The global virtual training simulation market, expected to ascend to $600 billion by 2027 according to Allied Market Research, has rapidly grown in its capabilities for the ports and maritime sector. At the port, simulation in Ship-to-Shore (STS) crane operation and straddle carrier management are two digital avenues ports can utilize to upskill workers and provide a cost-effective training module for team members. In shipping, pilotage simulation can provide scenario-based training to challenge seafarers on crisis management, tackling rare incidents such as stormy conditions and collisions with other vessels. More recently, the COVID-19 pandemic and subsequent shift to e-learning has opened up the opportunity for cloud-based, remote simulation: broadening opportunities for all ports to consider in their training modules.
One solution is to improve efficiencies in training processes and implement training systems that are attractive to women and racially diverse people, two of the groups the report recommends increasing recruitment of. Efforts of organizations like the Electrical Training Alliance (ETA) are demonstrating how successful new training technologies and methods can be used in battling the workforce problem. The ETA is a joint initiative between the National Electrical Contractors Association and the International Brotherhood of Electrical Workers. Its educators provide workplace safety materials, curriculum, and training to more than 55,000 electrical apprentices and 700,000 journeymen.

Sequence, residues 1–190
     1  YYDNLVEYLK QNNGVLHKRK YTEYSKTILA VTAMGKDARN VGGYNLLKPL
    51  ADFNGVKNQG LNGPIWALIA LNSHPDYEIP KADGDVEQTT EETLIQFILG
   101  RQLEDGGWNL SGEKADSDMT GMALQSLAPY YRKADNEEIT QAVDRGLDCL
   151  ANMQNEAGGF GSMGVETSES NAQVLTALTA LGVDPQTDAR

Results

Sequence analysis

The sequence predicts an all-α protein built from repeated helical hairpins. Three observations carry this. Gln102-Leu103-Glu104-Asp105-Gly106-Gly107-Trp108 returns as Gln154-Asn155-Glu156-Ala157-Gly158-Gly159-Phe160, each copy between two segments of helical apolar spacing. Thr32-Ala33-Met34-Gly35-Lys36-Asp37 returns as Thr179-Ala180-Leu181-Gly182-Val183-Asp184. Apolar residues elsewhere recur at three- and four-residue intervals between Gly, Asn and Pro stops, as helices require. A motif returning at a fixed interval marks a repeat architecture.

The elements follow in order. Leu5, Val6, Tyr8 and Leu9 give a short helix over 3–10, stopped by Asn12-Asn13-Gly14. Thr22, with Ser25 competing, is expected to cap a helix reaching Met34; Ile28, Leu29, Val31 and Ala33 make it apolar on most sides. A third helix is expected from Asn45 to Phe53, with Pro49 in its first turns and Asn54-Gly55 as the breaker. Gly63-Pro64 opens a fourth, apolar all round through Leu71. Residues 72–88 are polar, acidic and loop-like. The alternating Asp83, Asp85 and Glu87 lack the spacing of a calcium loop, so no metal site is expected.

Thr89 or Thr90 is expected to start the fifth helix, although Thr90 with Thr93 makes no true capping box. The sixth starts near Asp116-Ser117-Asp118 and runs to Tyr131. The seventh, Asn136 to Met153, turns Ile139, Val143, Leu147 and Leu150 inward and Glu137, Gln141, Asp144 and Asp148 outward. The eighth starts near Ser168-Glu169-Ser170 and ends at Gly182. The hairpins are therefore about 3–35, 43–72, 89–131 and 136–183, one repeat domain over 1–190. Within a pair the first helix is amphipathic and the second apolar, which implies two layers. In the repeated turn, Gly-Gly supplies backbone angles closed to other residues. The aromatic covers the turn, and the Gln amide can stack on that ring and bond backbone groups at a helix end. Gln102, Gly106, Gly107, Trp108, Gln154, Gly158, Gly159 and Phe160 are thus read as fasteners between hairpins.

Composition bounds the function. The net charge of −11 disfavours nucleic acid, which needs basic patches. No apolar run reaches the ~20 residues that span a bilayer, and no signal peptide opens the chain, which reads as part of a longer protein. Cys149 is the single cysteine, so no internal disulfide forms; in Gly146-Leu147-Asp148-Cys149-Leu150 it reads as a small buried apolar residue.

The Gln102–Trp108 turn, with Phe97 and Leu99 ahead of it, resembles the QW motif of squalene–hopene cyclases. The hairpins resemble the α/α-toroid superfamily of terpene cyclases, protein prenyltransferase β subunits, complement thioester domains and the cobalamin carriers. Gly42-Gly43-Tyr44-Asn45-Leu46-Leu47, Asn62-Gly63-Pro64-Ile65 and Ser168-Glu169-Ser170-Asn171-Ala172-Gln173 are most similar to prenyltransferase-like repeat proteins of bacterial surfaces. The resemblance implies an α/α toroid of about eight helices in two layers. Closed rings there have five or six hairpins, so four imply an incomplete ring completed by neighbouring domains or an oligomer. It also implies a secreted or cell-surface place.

One of the UK’s largest container port operators, in 2018 Forth Ports stepped into the simulated sphere. Purchasing the Vortex simulator, created by CM Labs Simulations of Montreal, at the London Container Terminal in Tilbury, the operator can offer enhanced learning experiences on 13 screens and 270 degree views for major crane and straddle operation, complete with motion, cable and lifting systems, and lift apparatus. […]
In Autumn 2021, Forth Ports agreed a five-year extension to retain and upgrade the Vortex Stimulator, providing additional elements for a more sophisticated training experience in assessment and statistics reportage. “This was a cultural change for us as a business,” said Stuart Wallace, COO at Forth Ports. “The maritime sector, and certainly the port sector, is a very traditional business.” Sitting directly next to a trainee in a port complex was the favoured – and only – approach to training previously, Wallace said. However, the training takes up vital port
infrastructure, in additional to releasing harmful carbon emissions by being shown the ropes on diesel-powered straddle carriers around the yard, for example. “With a simulator, it helps take those learners out of the real environment so they can make lots of mistakes without upsetting the operation, and more importantly, without damaging the equipment,” he said.
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